Alpha-oscillations modulate preparatory activity in marmoset area 8Ad. Johnston K, Ma L, Schaeffer L, Everling S (2019) J Neurosci. 2019 Jan 16. pii: 2703-18.
Intrinsic functional boundaries of lateral frontal cortex in the common marmoset monkey.
Schaeffer DJ, Gilbert KM, Gati JS, Menon RS, Everling S (2018) J Neurosci. 2018 Dec 10. pii: 2595-18.
The common marmoset (Callithrix jacchus) has garnered recent attention as a potentially powerful preclinical model and complement to other canonical mammalian models of human brain diseases (e.g., rodents and Old World non-human primates). With a granular frontal cortex and the advent of transgenic modifications, marmosets are well positioned to serve as neuropsychiatric models of prefrontal cortex dysfunction. A critical step in the development of marmosets for such models is to characterize functional network topologies of frontal cortex in healthy, normally functioning marmosets. Here, we sought to characterize the intrinsic functional connectivity of anterior cingulate cortex (ACC) in marmosets using resting state functional magnetic resonance imaging (RS-fMRI). Seven lightly anesthetized marmosets were imaged at ultra-high field (9.4 T) and hierarchical clustering was employed to extract functional clusters of ACC from the RS-fMRI data. The data demonstrated three functionally discrete clusters within ACC. The functional connectivity between these clusters with the rest of the brain was also found to be distinct, supporting the hypothesis that ACC subregions serve different circuits and their concomitant functions. In a separate seed-based analysis, we also sought to delineate finer-grained patterns of ACC connectivity between marmoset primary motor area 4 ab and putative eye movement areas (8aD and 8 aV). This analysis demonstrated distinct patterns of ACC functional connectivity between motor and eye movement regions that overlapped well with what has been shown in humans and macaques. Overall, these results demonstrate that marmosets have a network topology of ACC that resembles that of Old World primates, giving further credence to the use of marmosets for preclinical studies of intractable human brain diseases.
Cognitive control often requires suppression of prepotent stimulus-driven responses in favour of less potent alternatives. Suppression of prepotent saccades has been shown to require proactive inhibition in the frontoparietal saccade network. Electrophysiological evidence in macaque monkeys has revealed neural correlates of such inhibition in this network, however the interlaminar instantiation of inhibitory processes remains poorly understood as these areas lie deep within sulci in macaques, rendering them inaccessible to laminar recordings. Here we addressed this gap by exploiting the mostly lissencephalic cortex of the common marmoset (Callithrix jacchus). We inserted linear electrode arrays into areas 8Ad - the putative marmoset frontal eye field - and lateral intraparietal area (LIP) of two male marmosets, and recorded neural activity during performance of a task comprised of alternating blocks of trials requiring a saccade either toward a large, high-luminance stimulus or the inhibition of this prepotent response in favour of a saccade toward a small, low-luminance stimulus. We observed prominent task-dependent activity in both alpha/gamma bands of the local field potential and discharge rates of single neurons in area 8Ad during a prestimulus task epoch in which the animals had been instructed which of these two tasks to perform but prior to peripheral stimulus onset. These data are consistent with a model in which rhythmic alpha-band activity in deeper layers inhibits spiking in upper layers to support proactive inhibitory saccade control.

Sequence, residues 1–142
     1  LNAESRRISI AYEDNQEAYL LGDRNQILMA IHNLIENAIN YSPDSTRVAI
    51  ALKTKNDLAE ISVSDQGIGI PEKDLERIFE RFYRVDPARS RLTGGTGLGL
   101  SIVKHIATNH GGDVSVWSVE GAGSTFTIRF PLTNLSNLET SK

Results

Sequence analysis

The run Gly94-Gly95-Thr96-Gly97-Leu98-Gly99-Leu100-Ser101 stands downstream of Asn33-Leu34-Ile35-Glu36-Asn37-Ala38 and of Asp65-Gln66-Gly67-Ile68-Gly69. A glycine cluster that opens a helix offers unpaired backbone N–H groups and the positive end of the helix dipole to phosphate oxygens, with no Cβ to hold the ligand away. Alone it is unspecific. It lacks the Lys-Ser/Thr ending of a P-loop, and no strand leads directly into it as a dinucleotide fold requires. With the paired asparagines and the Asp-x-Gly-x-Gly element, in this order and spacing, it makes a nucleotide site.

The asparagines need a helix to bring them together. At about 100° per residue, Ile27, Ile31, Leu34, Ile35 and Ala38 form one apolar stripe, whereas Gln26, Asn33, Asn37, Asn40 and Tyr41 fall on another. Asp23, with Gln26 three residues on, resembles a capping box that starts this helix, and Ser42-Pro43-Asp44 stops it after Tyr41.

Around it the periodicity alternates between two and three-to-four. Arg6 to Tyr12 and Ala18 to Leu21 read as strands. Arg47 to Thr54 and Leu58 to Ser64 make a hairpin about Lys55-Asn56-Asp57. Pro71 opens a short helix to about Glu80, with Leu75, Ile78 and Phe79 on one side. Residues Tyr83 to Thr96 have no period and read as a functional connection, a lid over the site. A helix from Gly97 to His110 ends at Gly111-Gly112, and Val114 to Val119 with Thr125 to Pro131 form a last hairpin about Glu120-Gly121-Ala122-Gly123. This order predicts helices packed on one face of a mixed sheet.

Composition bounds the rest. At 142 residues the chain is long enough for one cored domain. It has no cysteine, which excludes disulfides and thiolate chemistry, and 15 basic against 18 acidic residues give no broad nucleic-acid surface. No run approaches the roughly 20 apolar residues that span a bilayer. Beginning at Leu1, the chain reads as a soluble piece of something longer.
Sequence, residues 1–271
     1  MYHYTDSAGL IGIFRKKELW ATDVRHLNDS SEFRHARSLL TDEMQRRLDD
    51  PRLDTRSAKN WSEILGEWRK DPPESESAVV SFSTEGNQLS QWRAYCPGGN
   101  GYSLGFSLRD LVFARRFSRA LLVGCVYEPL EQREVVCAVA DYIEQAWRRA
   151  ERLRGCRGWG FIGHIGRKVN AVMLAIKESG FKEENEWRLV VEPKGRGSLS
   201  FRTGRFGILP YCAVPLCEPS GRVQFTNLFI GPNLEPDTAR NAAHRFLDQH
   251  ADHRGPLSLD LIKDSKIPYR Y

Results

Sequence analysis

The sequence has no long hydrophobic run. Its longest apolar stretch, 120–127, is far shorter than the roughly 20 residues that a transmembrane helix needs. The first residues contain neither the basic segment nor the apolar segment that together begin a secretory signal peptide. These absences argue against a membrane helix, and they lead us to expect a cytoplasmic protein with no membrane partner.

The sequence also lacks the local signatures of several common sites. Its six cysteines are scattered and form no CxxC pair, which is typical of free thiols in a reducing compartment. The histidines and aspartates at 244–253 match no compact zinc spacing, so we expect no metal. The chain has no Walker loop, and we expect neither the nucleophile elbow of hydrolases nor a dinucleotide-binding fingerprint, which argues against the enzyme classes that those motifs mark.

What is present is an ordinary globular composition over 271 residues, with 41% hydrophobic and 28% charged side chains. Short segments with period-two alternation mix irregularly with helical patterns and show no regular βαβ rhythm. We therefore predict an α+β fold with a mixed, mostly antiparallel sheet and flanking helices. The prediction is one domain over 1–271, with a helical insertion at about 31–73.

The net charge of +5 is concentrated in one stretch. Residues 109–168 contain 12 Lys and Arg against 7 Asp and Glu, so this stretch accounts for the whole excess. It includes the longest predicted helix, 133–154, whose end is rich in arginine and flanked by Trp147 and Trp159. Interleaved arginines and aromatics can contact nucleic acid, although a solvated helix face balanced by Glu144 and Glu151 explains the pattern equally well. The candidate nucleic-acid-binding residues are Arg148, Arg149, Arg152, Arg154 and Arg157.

The common marmoset (Callithrix jacchus) is a small New World primate species that has been recently targeted as a potentially powerful preclinical model of human prefrontal cortex dysfunction. Although the structural boundaries of frontal cortex were described in marmosets at the start of the 20th century (Brodmann, 1909) and refined more recently (e.g., Paxinos et al., 2012), the broad functional boundaries of marmoset frontal cortex have yet to be established. In this study, we sought to functionally derive boundaries of marmoset lateral frontal cortex (LFC) using ultra-high field (9.4 T) resting state functional magnetic resonance imaging (RS-fMRI). We collected RS-fMRI in seven (4 females, 3 males) lightly anesthetized marmosets and employed a data-driven hierarchical clustering approach to derive subdivisions of LFC based on intrinsic functional connectivity. We then conducted seed-based analyses to assess the functional connectivity between these clusters and the rest of the brain. The results demonstrated seven distinct functional clusters within LFC. The functional connectivity patterns of these clusters with the rest of the brain were also found to be distinct and organized along a rostro-caudal gradient, consonant to that found in humans and macaques. Overall, these results support the view that marmosets are a promising preclinical modelling species for studying LFC dysfunction related to neuropsychiatric or neurodegenerative human brain diseases.